Disclaimer: All characters who bear resemblances to those living or dead are probably not coincidental. Bato bato sa langit :)
Bosses come in all shapes and sizes. There are ones that encourage your mediocrity, ones that become your mentor in more ways than one, and then there are the ones who were born with the numbers 666 tattooed on their skull.
Of course, we all hope that we never encounter the latter, even outside the workplace, but alas, not all of us luck out. If your worklife were a fairy tale, this type of boss would be the wicked witch, the demented fairy godmother, the troll under the bridge. But guess what? You, the hero, will always win. This type of boss is a rite of passage–not an excuse to cop out and quit, especially if you’re doing something you love. Instead of wallowing in anger and self-pity, you might even end up being grateful–thanks to them, you have been baptized by fire, forged in iron, and sharpened by circumstance. You go, Glen Coco.
For those of you who will hopefully never encounter bosses who have the EQ of common household ferns, here are some of the most important, if not basic, things I’ve learned:
This is so basic that most people end up neglecting it: RESPECT. Respect for yourself and your position are all well and good, but respect for other people, their time, and their work, are vital not just in the workplace but in all aspects of life.
Fan ba po kayo ni Alanis? Peg nyo ba ang Ironic? No one (sane) will respect you if you expect your staff to be in the office by 8am when you come waltzing in at lunch and leave by 4pm.
Learning to stand up for yourself against authority may just be one of the hardest things you will need to learn how to do, more so standing up for other people. It’s easy to throw someone under the bus, but wouldn’t you rather be the one that pulls them out of the way?
Everyone gets lazy, but there is a right time and place for everything. It’s okay to have an off day–the trick is not to let your laziness turn into complacency. If something doesn’t get done, get it done yourself. If you end up doing it wrong, you’ll still come out smelling like roses for getting it done, period, as compared to everyone else who didn’t bother to take initiative.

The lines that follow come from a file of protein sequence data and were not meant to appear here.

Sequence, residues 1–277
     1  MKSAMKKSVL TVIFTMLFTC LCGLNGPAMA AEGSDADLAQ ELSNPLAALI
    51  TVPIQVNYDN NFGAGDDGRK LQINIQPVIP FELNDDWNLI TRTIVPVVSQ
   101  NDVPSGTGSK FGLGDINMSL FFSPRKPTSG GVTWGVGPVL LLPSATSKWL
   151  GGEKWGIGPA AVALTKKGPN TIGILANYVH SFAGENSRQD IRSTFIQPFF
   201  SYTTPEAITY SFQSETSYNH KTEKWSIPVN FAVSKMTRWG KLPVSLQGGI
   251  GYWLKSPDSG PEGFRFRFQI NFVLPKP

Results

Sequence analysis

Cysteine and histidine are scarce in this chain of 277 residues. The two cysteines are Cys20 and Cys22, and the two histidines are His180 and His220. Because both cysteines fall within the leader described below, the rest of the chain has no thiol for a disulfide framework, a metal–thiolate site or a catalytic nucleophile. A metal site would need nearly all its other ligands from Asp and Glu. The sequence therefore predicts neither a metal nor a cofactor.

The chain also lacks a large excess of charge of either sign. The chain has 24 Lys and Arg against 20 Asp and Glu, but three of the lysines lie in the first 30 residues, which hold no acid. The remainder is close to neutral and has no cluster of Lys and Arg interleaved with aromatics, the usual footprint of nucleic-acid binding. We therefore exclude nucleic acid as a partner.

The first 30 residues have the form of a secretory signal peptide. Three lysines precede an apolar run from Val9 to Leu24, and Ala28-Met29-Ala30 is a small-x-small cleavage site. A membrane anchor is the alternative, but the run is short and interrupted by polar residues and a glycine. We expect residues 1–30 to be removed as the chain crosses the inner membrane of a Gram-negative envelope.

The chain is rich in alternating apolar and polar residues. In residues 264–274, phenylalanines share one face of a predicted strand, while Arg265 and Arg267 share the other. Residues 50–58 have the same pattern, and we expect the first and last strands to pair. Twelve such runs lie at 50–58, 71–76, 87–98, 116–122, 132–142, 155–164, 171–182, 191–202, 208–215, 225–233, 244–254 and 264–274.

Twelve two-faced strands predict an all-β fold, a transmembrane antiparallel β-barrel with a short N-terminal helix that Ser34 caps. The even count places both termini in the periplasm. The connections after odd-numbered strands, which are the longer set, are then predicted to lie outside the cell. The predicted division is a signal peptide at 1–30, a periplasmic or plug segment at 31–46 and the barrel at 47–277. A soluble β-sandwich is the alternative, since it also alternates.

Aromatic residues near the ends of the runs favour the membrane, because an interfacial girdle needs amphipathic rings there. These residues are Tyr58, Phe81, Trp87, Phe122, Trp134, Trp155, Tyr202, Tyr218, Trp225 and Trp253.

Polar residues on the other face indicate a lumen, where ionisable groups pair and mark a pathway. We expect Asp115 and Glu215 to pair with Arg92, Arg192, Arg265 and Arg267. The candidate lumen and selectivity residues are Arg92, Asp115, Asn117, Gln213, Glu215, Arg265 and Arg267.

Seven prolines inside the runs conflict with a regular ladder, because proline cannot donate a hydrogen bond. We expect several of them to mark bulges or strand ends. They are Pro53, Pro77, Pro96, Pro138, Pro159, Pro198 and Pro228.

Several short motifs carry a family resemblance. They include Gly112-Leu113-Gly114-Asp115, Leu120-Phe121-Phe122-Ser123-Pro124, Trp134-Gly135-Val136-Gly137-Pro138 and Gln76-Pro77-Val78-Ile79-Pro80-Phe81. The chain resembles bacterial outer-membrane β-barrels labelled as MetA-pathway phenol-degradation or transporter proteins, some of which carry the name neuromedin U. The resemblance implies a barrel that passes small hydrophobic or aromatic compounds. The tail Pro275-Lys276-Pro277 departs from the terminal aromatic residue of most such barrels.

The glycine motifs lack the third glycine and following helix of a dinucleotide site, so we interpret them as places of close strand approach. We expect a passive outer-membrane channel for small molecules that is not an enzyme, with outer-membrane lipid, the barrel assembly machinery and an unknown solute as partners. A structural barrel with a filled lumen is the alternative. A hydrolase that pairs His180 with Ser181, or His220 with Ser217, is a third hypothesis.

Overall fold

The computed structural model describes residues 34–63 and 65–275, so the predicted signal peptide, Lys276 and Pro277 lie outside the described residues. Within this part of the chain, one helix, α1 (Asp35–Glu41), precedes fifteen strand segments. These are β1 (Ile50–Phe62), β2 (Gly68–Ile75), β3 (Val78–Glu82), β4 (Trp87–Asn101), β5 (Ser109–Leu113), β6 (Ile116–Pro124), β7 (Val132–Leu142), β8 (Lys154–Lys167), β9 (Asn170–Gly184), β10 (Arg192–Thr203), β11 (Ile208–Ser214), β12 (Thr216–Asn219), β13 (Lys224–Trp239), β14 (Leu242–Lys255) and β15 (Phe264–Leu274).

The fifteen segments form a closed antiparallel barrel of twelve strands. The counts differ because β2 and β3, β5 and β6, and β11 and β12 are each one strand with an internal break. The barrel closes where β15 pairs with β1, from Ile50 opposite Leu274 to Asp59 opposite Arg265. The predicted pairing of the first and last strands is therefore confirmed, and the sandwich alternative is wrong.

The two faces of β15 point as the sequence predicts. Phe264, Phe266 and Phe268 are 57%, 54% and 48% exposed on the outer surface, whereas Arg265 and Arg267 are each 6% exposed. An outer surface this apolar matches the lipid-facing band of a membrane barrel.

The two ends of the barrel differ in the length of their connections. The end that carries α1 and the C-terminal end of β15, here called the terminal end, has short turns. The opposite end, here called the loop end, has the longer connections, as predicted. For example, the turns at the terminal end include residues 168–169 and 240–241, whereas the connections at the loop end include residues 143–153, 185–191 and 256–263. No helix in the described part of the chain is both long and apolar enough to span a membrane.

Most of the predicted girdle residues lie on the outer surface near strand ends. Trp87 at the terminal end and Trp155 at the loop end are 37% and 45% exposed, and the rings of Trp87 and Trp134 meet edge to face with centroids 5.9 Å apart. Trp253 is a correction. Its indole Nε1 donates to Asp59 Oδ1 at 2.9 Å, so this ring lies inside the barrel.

This goes double for people who are in sales positions! You are put in teams for a reason. Bad managers will try to pit you against each other, even threaten to remove you from position, if you don’t do better than somebody else. Honey, the only person you should be competing with is who you were yesterday. Don’t let anyone tell you otherwise.
Always, always, always read your contract carefully. Know exactly what your job description is. If you’re asked to perform other tasks, your knee-jerk reaction might be to agree if only to earn extra brownie points. Consider first if you can actually deliver; if you can, well and good. But don’t be afraid to tell them if you can’t, or aren’t comfortable. You’ll only be compromising the quality of your work, so focus on your strengths. If your boss gives you hell for declining, you can always nicely point out your contract and job description.
As the cliché goes, “Words, once said, are difficult to take back,” or something like that. Criticisms, reprimands, conversations, even off-hand comments made when you don’t think anyone else is listening, have the power to completely destroy an employee. A minor difference in phrasing or a kind word here or there have the power to turn a team from dissent to productivity.
People who aren’t the brightest crayons in the box tend to overcompensate–they use big words in the wrong context, make things up to impress, but most annoyingly, they will put you down to make themselves feel better about themselves. Approach these people as you would wild animals: slowly, quietly, with a hand outstretched so they can get familiar with your scent. Make your life, as well as everyone else’s, easier. It pays to keep things simple and direct.
Go forth and conquer your Goliath!